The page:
Grimm: Cry Luison Review

The themes in Grimm's latest, "Cry Luison," almost feel like a daytime soap opera. Here's our review...

“A liar will not be believed, even when he speaks the truth.”

The team to restore Nick’s powers arrived to inform of the not-so-easy way to be become a Grimm anew. It would involve more than reciting an incantation, drinking a potion or wishing upon a star. The damage that Adalind caused has left Portland with an inexperienced junior Grimm in the person of Trubel.

In order for Nick to reclaim his powers, Juliette is the vessel through which Nick can be his previous supernatural crime-fighting self. The questions throughout the episode are (a) will the process be worthwhile (b) does Nick want to be a Grimm again, and (c) will it actually work? 

In the Grimm universe, there are worse temporary inconveniences that morphing into Adalind, if it will help Nick. Juliette and Nick obviously have emotional scars from the experience, but to restore balance and keep the bad guys in check, the reward ought to outweigh the risk. We’ll have to wait for Nick and Juliette to decide, or perhaps the decision will be made for them by outside forces.

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Nick and Juliette aren’t  accepting of the process to regain his powers. If he wants to be the hero that saves the day or night, he needs to bite the bullet and get it done, or all of Portland suffers the consequences. 

Tonight’s story within the episode, “Cry Luison,” is one of greed, lies and deception often told on daytime and nighttime soap operas. The dastardly villain here is able to torment his victim with his inner beast turned inside out. The things people do for love and/or money aren’t exclusive to humans. Wesens like big houses, luxury items, and fine wines too. Over the course of the episode, it’s easy to believe the bogeyman might not be real, but a figment in the heiress’ mind. On second glance, we remember that the we’re watching Grimm, and there might be something or someone real to consider.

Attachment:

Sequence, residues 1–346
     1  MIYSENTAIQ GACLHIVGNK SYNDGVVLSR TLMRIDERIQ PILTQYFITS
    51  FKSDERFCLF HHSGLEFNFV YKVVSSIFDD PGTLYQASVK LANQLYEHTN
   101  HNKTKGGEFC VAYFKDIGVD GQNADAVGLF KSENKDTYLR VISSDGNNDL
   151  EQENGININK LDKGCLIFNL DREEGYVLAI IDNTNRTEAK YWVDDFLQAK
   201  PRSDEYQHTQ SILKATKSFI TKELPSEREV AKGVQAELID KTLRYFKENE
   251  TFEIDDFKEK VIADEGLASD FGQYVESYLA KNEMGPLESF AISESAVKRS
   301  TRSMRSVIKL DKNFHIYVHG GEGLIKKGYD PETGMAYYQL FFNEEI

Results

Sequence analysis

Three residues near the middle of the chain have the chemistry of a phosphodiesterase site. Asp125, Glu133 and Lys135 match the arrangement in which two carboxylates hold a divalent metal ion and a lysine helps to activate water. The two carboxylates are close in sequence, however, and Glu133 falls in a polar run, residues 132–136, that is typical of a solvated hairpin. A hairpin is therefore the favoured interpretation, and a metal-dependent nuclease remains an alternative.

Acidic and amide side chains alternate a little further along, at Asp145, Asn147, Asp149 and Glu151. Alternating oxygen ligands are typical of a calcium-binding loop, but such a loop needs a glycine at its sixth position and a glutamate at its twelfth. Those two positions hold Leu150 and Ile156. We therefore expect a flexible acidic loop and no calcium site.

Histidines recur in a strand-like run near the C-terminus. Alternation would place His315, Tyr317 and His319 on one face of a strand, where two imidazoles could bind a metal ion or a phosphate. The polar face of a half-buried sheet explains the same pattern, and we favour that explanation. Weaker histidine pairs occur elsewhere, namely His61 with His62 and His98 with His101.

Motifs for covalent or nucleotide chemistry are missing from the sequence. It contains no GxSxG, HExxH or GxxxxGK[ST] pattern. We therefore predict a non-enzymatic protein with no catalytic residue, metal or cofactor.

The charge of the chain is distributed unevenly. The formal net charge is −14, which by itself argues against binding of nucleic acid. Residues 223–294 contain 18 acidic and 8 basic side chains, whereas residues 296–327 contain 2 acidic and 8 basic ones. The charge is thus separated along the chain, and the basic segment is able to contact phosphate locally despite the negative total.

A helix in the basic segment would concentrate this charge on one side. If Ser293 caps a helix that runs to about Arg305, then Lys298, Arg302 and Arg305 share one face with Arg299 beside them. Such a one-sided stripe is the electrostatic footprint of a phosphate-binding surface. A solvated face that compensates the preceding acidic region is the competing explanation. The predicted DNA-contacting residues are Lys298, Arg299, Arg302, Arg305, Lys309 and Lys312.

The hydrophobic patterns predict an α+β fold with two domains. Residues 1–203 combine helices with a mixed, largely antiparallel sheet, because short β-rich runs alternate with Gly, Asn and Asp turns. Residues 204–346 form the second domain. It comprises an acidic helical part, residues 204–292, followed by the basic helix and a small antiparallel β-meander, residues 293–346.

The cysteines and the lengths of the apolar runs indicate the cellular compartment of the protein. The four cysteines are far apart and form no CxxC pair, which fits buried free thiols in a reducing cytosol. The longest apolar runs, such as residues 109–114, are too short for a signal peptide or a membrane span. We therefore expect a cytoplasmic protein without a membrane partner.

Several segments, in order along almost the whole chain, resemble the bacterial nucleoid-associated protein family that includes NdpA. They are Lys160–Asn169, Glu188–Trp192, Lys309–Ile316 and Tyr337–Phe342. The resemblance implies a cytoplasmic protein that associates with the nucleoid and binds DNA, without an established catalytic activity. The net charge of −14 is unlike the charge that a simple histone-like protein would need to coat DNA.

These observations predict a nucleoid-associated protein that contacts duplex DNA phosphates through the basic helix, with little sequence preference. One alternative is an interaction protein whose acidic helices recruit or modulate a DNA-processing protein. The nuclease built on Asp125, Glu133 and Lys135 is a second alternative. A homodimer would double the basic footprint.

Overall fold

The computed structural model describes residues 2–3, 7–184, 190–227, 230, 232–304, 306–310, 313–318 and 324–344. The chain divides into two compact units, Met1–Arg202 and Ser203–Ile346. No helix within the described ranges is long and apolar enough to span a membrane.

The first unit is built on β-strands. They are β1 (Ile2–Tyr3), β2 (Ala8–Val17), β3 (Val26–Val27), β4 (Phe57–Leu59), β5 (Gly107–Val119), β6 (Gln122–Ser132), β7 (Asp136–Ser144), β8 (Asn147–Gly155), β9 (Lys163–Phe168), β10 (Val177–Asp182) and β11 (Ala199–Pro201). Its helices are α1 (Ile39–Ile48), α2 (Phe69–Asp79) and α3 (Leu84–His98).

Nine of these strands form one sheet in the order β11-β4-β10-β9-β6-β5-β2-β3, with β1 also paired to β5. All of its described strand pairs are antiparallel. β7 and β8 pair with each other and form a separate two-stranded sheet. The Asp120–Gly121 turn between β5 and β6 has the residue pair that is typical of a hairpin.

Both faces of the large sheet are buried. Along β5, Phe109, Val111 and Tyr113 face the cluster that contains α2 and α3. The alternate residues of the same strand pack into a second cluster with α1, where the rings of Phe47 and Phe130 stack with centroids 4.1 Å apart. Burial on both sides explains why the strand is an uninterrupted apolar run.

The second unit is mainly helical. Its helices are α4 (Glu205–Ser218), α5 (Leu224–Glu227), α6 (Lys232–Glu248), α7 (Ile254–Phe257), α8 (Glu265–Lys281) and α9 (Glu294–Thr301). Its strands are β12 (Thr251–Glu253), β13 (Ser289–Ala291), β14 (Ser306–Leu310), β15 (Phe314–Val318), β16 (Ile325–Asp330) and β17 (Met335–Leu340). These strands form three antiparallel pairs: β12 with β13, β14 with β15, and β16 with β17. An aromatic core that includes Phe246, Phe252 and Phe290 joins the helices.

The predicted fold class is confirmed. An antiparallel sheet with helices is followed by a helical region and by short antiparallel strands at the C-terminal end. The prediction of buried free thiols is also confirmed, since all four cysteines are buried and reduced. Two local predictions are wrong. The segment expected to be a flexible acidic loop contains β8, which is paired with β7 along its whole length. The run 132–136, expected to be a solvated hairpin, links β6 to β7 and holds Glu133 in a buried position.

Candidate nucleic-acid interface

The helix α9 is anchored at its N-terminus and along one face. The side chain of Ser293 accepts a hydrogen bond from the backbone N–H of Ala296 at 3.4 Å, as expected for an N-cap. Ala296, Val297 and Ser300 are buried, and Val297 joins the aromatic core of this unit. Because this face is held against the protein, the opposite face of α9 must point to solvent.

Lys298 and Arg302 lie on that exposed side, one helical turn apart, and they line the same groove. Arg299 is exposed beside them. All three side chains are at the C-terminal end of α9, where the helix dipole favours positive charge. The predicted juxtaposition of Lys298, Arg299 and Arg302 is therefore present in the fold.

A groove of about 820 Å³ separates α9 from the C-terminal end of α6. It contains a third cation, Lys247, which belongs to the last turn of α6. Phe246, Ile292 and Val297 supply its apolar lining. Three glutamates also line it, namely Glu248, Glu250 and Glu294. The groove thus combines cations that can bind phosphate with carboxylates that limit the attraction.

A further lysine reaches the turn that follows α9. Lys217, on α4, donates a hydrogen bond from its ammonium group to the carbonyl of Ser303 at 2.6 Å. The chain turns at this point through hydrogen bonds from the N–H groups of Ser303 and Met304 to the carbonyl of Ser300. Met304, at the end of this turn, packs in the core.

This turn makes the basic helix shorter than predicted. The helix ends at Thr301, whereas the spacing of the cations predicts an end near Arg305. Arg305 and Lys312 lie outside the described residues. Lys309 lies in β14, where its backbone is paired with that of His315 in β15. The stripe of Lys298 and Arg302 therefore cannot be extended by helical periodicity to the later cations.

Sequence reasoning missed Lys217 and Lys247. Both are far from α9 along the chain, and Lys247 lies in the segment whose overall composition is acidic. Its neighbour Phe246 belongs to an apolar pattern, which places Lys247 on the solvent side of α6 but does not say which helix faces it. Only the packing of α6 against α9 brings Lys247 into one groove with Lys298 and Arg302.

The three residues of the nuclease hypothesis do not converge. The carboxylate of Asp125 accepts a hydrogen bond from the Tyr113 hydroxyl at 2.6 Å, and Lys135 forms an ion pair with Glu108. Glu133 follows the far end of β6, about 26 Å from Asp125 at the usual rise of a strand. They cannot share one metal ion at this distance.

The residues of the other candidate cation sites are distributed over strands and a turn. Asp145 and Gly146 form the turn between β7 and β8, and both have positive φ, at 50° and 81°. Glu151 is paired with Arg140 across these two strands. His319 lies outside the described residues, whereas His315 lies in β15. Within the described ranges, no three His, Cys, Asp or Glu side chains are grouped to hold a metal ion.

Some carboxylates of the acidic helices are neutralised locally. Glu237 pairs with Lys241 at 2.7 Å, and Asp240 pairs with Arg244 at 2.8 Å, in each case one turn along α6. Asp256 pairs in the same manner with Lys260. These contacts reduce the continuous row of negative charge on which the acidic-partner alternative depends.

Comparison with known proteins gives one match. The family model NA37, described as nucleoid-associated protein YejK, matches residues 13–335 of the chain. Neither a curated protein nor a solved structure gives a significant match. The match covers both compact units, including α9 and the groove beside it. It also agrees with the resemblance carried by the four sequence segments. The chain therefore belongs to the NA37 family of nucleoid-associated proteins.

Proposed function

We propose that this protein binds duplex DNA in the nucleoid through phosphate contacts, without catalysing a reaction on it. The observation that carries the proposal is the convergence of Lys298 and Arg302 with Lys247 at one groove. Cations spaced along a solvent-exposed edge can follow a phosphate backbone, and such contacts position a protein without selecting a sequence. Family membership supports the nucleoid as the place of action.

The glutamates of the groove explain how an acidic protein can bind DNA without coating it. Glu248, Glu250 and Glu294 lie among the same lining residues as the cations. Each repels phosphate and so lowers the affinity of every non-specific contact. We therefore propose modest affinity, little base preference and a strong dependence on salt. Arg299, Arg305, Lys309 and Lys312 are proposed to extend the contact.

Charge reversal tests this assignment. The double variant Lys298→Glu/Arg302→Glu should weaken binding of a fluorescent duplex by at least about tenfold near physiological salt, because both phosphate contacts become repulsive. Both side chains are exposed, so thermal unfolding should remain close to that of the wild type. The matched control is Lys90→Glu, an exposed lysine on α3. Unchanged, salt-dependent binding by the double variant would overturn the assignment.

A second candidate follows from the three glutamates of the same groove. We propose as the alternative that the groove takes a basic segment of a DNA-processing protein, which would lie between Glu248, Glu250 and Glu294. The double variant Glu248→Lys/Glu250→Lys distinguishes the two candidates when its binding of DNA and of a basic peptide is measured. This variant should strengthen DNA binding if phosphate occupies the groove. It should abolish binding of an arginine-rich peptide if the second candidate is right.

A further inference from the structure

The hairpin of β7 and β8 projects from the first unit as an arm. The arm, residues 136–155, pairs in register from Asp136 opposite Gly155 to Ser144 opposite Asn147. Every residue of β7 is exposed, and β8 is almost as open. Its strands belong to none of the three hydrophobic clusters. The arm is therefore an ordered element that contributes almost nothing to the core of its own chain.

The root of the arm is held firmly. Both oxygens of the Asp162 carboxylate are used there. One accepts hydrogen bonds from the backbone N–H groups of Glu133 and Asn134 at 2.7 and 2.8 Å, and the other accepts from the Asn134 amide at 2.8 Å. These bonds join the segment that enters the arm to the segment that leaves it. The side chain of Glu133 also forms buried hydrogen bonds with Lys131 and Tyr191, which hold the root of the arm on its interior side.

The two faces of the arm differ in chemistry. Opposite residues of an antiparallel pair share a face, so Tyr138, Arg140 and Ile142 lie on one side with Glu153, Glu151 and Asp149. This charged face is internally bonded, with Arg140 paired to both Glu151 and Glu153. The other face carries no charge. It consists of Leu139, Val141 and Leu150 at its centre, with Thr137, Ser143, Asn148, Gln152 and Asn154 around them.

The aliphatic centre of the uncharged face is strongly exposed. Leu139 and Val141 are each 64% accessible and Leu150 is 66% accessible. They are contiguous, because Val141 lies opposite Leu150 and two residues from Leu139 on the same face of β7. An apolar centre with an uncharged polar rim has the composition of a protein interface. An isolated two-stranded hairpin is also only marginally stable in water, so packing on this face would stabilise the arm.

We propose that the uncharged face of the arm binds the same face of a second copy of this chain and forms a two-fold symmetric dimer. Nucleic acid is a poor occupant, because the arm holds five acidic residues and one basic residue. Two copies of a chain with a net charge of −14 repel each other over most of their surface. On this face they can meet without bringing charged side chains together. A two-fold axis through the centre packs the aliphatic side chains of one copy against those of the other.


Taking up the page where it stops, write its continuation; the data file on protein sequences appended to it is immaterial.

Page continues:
The charismatic, foreign-accented husband is an ode to Claus von Bulow, only this time, the husband isn’t drugging the wife, but attacking her mental sanity. 

Traveling back to Vienna, the real Adalind is looping in what seem to be a never-ending maze of doors, voices and maternal instincts as she searches for her baby and the nearest exit. Victor is quite the evil puppet master at her expense. The goal is to wear her down until she’s ready to bend in whatever direction he chooses. They both want a similar outcome, to locate the baby, but for different reasons. Adalind wants to be a mother, or thinks she can be a mother, and Victor wants to use the child as leverage and an eventual weapon. 

We love television shows and movies when characters conveniently overhear pivotal information when weighing a major decision. Juliette just happens to be on the stairwell and overhears that Nick’s life may be in danger if he remains mortal. No pressure, of course, go through the reversal spell with an uncertain outcome. I can’t wait until Nick comes to his senses and regains his abilities. Trubel isn’t a bad substitute, but I think Portland would benefit from two Grimms.

It’s one thing to decide for selfish reasons to become a superhero again, yet something entirely different when loved ones and friends are in jeopardy without certain gifts.

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3 out of 5